Welcome to the Kentucky Native Plant and Wildlife Blog.

Welcome to the Kentucky Native Plant and Wildlife Blog.
The purpose of this blog is to provide information on using native plants in the landscape, issues related to invasive exotic plants, urban wildlife management, and wildlife damage management. It is my intention that this information will assist you in deciphering the multitude of information circulating around the web and condense in some meaningful method as it relates to Kentucky. In addition, I hope to highlight a native plant that can be used in the landscape.

Tuesday, May 27, 2014

Ohio Spiderwort (Tradescantia ohiensis)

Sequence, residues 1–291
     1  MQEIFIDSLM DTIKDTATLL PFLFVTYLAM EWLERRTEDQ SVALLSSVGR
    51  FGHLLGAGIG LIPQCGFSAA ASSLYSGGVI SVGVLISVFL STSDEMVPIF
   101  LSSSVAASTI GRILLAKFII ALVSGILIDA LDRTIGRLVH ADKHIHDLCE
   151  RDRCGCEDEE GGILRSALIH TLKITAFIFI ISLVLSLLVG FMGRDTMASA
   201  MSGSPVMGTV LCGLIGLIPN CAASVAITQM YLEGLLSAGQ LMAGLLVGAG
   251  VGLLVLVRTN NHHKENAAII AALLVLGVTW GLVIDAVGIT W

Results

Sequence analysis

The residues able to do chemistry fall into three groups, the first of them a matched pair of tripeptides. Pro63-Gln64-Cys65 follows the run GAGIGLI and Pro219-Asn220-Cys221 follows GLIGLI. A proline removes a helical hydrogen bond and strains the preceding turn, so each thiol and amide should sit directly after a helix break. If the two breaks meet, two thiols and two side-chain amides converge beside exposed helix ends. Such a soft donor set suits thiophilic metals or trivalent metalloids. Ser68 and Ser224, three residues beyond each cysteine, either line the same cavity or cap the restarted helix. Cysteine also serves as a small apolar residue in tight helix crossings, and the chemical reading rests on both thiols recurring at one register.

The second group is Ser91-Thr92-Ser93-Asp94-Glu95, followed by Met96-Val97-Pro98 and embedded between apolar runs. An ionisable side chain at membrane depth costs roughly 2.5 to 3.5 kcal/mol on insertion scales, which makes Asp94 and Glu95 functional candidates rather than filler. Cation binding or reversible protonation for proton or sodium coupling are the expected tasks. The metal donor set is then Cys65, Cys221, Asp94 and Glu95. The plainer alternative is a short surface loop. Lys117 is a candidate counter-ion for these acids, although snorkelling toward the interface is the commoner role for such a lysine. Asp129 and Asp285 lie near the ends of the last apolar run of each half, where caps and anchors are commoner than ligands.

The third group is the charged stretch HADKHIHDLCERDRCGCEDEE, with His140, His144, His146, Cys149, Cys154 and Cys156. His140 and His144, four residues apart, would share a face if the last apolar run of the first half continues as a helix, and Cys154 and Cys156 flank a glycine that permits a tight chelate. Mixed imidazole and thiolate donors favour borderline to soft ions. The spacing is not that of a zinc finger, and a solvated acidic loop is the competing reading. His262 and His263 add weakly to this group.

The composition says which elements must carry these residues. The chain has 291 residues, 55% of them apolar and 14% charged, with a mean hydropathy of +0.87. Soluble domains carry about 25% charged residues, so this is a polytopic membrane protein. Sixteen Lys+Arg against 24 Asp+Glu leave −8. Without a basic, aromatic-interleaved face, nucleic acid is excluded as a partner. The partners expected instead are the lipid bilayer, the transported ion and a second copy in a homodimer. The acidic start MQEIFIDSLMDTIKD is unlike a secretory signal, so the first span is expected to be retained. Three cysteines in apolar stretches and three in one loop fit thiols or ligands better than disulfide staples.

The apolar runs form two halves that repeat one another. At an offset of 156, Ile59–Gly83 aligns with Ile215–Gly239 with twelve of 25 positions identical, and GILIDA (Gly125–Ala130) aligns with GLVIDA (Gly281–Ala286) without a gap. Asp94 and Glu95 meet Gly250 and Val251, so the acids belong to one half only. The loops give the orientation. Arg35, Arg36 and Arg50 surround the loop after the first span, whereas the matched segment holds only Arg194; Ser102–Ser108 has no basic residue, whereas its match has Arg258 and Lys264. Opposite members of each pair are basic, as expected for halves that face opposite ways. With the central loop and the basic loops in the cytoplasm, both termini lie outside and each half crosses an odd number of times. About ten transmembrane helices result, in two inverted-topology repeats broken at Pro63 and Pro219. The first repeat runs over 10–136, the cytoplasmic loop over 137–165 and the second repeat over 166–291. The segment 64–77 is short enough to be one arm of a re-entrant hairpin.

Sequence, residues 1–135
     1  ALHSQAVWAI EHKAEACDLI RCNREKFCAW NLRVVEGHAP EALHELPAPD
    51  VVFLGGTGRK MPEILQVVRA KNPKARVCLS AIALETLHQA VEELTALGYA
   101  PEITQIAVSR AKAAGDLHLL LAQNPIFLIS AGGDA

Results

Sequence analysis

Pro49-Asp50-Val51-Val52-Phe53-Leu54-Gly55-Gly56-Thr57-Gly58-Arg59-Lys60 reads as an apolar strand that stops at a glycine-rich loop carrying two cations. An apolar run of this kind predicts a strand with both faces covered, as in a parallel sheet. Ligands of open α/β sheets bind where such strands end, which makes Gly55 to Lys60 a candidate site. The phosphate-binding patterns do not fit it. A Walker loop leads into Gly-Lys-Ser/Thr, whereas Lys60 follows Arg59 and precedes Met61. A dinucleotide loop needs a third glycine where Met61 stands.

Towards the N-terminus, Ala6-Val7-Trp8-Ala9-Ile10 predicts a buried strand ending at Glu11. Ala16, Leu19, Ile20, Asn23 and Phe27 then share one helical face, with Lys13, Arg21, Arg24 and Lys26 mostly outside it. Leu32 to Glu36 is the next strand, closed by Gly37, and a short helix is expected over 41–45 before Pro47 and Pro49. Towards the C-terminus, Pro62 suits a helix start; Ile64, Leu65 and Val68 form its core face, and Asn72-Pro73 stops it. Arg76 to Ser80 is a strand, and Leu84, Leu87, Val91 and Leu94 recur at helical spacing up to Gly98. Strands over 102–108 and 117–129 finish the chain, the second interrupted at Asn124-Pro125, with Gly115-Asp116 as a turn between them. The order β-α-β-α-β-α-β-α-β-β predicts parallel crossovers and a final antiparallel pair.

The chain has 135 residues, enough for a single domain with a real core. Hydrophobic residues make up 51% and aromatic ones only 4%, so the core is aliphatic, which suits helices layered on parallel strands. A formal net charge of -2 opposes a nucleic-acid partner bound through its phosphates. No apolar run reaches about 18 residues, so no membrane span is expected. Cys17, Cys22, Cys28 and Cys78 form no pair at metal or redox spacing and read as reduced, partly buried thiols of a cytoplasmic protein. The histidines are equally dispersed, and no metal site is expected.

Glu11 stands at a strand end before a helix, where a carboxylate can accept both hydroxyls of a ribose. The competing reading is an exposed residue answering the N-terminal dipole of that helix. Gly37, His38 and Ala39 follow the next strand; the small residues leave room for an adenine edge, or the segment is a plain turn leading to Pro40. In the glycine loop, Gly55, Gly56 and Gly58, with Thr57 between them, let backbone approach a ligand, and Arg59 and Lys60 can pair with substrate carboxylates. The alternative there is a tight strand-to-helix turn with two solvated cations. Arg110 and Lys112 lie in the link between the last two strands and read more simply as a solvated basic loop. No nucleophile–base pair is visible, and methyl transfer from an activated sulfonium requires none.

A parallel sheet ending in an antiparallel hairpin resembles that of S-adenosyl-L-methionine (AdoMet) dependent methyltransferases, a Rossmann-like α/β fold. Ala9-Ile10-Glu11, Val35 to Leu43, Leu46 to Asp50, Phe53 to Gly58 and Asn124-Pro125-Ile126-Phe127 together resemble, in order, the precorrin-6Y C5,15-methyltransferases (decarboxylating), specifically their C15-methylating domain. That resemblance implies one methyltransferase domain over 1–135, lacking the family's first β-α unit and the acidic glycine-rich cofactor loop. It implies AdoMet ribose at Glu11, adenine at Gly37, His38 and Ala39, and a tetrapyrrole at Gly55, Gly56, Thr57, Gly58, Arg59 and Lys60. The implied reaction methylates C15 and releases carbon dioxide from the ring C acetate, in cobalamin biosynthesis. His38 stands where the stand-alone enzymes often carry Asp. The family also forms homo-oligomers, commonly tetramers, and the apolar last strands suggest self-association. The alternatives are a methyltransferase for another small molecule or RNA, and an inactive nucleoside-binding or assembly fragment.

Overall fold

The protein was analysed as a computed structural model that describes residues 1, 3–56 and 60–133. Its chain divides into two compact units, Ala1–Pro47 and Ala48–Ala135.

Kentucky has two species of early summer blooming spiderworts, Ohio and zigzag or wide-leaf (T. subaspera).  The more showy of the two species is definitely Ohio as it grows to 2-3' tall in full shade to almost full sun and will stay in flower until July or later.  The wide-leaf species flowers mostly in late-May and early June, prefers deep shade and does not flower as profusely as the former species.  Of course we also have a spring blooming spiderwort, the Virginia (T. virginiana).  The easiest way to tell the species apart is to look at the leaves in terms of the width and also the glaucous or fuzzy nature of Ohio spiderwort (top image).  These are very easy to grow and maintain species and will ultimately form a nice clump (Ohio much larger than wide-leaf) that can reach 2' across.  The flower color ranges from blue to lavender and occasionally white or pink.  Ohio spiderwort prefers dry to medium soils and is incredibly drought tolerant. As the clumps enlarge, they should be divided in the fall.  Each individual flower only stays in bloom for a single day.There are few to no disease or insect problems associated with this species.  It should be cut back in late summer to 6" to eliminate bad looking foliage and to stimulate a potential fall bloom.  It is pollinated primarily by bumblebees and the foliage will be eaten by deer, rabbits, box turtles and even livestock as it is non-toxic. This species is named in honor ot John Tradescant, the royal gardener of King Charles I of England and in 1637 his son brought the plant from North American back to England where it became a garden favorite.  The species name arises from found in Ohio. These plants have become somewhat of a biological indicator species of high radiation and constant chemical pollution as studies at Kyoto University in Japan and Brookhaven national Lab found that the normally blue stamen hairs turn pink when exposed to radiation or constant pollution. Spiderwort use by Native Americans used it as a cure for tarantism and the Cherokee used to make a tea to treat female problems and a laxative to treat stomach and kidney ailments.  The Lakota made a blue paint from the flower to decorate clothing and crushed leaves were used to make a poultice to treat insect bites and stings.  This species also goes by the following common names: cow slobber, Indian Paint, Job's Tears, Blue Jackets, Widow's tears, Moses in the Buhrushes, Dayflower, and Trinity flower.